My father was not a combatant, he was a doctor whose battles were fought on the frontline of disease. A lieutenant (junior grade) in the U.S. Navy Medical Corps, he was stationed on Bataan and then attached to the 4th Marines on Corregidor. As battalion surgeon in a campaign led by the Army six years before the first Mobile Army Surgical Hospital (MASH) units came into being, his role was to help, not harm.
As if wars could ever be neat, clean, surgical operations, the war in the Pacific has been called a dirty war, a “war without mercy,” as historian John Dower described it. Many American soldiers were instilled with racial stereotypes of the Japanese as treacherous, savage, sub-human. Roosevelt and Churchill themselves vowed to crush the “Barbarians of the Pacific.” Such language bore a striking resemblance to the conception of Westerners propagated by the Japanese, who were, said the Japanese schoolbook, Cardinal Principles of the National Polity, “intrinsically quite different from the so-called citizens of Occidental countries.”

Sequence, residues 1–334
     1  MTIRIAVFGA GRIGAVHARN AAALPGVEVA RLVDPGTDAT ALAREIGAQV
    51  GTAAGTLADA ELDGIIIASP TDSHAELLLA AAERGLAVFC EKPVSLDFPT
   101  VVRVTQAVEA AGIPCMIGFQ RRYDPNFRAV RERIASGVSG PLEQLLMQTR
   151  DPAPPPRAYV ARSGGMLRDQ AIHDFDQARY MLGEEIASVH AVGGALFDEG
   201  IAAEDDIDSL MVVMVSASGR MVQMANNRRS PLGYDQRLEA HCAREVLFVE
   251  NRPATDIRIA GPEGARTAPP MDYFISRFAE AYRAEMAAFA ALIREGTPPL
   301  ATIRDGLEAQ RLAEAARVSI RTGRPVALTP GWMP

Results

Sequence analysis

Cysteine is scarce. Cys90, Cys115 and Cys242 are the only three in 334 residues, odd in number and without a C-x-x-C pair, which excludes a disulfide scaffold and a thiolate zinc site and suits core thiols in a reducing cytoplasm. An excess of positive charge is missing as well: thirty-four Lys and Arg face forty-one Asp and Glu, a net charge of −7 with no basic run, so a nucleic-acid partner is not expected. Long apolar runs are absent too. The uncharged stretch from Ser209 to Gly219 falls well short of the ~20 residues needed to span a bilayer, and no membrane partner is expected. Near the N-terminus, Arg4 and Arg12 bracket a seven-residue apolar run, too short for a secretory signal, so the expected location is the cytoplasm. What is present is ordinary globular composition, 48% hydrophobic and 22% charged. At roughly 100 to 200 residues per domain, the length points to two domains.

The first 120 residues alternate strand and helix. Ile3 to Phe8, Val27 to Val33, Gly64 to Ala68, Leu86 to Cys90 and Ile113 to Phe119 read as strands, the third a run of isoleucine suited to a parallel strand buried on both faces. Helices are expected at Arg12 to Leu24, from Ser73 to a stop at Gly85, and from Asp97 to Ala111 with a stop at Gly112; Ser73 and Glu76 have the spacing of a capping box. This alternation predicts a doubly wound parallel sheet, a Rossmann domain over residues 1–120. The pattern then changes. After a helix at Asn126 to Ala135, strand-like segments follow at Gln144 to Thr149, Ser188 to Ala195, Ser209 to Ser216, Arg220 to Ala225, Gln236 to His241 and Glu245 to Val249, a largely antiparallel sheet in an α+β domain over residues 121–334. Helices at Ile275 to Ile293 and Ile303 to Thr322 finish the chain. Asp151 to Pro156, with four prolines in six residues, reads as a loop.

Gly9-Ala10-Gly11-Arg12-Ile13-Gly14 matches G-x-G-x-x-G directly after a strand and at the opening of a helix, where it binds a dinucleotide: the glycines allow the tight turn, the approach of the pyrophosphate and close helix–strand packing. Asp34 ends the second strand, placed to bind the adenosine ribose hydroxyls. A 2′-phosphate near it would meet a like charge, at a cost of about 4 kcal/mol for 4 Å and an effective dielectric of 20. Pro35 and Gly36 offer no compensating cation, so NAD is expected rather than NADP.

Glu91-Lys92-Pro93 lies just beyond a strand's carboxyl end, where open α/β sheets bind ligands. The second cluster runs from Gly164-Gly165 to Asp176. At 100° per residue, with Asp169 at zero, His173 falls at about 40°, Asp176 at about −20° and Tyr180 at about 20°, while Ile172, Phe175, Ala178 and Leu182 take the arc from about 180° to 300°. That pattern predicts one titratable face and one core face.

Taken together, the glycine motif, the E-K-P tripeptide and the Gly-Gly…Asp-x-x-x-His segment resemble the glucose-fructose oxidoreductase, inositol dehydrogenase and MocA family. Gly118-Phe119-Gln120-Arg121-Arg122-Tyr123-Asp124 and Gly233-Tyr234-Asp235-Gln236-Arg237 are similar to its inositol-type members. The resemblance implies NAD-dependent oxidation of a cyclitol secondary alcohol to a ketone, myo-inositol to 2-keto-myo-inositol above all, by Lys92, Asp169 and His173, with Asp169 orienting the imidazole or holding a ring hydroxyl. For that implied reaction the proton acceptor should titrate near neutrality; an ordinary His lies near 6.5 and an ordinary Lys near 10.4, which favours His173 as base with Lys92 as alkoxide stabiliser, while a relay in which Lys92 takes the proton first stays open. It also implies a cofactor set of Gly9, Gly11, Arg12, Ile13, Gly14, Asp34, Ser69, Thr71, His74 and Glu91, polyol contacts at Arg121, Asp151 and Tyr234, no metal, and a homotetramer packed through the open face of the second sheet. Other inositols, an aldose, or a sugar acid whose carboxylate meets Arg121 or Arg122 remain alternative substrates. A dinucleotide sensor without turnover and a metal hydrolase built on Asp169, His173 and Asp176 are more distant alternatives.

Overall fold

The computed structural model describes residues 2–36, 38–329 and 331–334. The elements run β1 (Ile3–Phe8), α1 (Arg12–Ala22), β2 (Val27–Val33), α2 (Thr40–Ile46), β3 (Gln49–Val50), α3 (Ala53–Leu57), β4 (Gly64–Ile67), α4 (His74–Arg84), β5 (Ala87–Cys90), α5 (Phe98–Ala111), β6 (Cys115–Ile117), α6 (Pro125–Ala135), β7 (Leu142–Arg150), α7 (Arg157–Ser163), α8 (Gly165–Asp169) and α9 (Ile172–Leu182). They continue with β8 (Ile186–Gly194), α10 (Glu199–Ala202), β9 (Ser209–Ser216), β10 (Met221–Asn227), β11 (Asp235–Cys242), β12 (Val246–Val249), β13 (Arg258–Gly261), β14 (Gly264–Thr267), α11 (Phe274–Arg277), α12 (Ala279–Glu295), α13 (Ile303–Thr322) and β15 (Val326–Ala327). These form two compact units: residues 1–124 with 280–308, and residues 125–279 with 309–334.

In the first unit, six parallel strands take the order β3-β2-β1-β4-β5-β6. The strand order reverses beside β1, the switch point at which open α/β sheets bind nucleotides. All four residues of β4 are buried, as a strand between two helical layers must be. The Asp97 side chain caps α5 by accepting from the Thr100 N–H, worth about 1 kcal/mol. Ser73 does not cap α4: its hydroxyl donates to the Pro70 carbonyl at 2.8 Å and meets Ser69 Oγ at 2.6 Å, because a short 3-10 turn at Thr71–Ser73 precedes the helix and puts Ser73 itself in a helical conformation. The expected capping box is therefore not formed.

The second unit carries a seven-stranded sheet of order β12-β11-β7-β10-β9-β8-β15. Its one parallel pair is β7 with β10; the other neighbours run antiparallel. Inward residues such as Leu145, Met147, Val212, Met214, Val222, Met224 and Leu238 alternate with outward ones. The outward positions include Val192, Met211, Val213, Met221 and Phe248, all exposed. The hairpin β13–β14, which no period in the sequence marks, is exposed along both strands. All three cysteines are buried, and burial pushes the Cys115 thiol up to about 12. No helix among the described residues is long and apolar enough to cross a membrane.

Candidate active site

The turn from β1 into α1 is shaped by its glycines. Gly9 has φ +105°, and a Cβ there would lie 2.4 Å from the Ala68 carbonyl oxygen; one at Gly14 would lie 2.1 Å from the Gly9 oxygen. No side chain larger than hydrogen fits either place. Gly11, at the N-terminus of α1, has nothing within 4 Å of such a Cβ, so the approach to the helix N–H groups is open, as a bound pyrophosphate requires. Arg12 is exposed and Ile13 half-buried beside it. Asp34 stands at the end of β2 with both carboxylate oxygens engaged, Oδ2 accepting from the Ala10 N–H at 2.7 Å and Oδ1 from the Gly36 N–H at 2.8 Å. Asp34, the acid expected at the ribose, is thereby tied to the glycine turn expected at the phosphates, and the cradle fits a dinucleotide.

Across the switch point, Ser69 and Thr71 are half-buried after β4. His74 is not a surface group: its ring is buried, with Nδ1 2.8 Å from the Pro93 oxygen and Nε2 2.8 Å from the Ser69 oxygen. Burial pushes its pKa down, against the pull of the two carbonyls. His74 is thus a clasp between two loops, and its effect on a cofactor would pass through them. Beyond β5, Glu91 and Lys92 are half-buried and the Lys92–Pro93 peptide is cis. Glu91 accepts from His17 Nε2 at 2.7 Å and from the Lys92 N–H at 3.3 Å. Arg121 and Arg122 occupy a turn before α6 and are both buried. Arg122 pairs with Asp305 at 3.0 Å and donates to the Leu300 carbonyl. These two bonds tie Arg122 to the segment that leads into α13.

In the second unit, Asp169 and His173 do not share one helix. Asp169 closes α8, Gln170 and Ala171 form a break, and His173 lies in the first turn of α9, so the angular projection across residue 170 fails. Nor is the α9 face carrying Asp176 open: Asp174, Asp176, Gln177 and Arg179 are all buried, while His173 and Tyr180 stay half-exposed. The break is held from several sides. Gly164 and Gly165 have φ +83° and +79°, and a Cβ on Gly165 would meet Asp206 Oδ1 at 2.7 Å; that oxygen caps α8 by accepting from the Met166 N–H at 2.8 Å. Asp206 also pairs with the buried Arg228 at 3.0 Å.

The Japanese viewed Americans in particular as soft, self-indulgent, individualistic. The Japanese, by contrast, belonged to the genetically pure “Yamato Race,” a tribe of “One Hundred Million” whose superiority lay in conformity. As shidō minzoku, the leading race, their goal, expressed as hakkō ichiu, or “Eight Corners of the World Under One Roof,” was the subjugation of all other Asians and the replacement of Anglo-American imperialism with a new world order. Under Emperor Hirohito, this became the essence of their kokutai, or national polity.
U.S. and Filipino troops fighting on Bataan and Corregidor suffered horribly from hunger and disease. “They were expendable,” to borrow the title of W.L. White’s book about John Bulkeley and Motor Torpedo Boat (MTB) Squadron 3 published in 1944. Sacrificed on the altar of hubris, they were the casualties of an American military strategy known as War Plan Orange-3 that was doomed to failure. They were promised that “Help is on the way” by General Douglas MacArthur when Roosevelt advocated a policy of “Europe First.”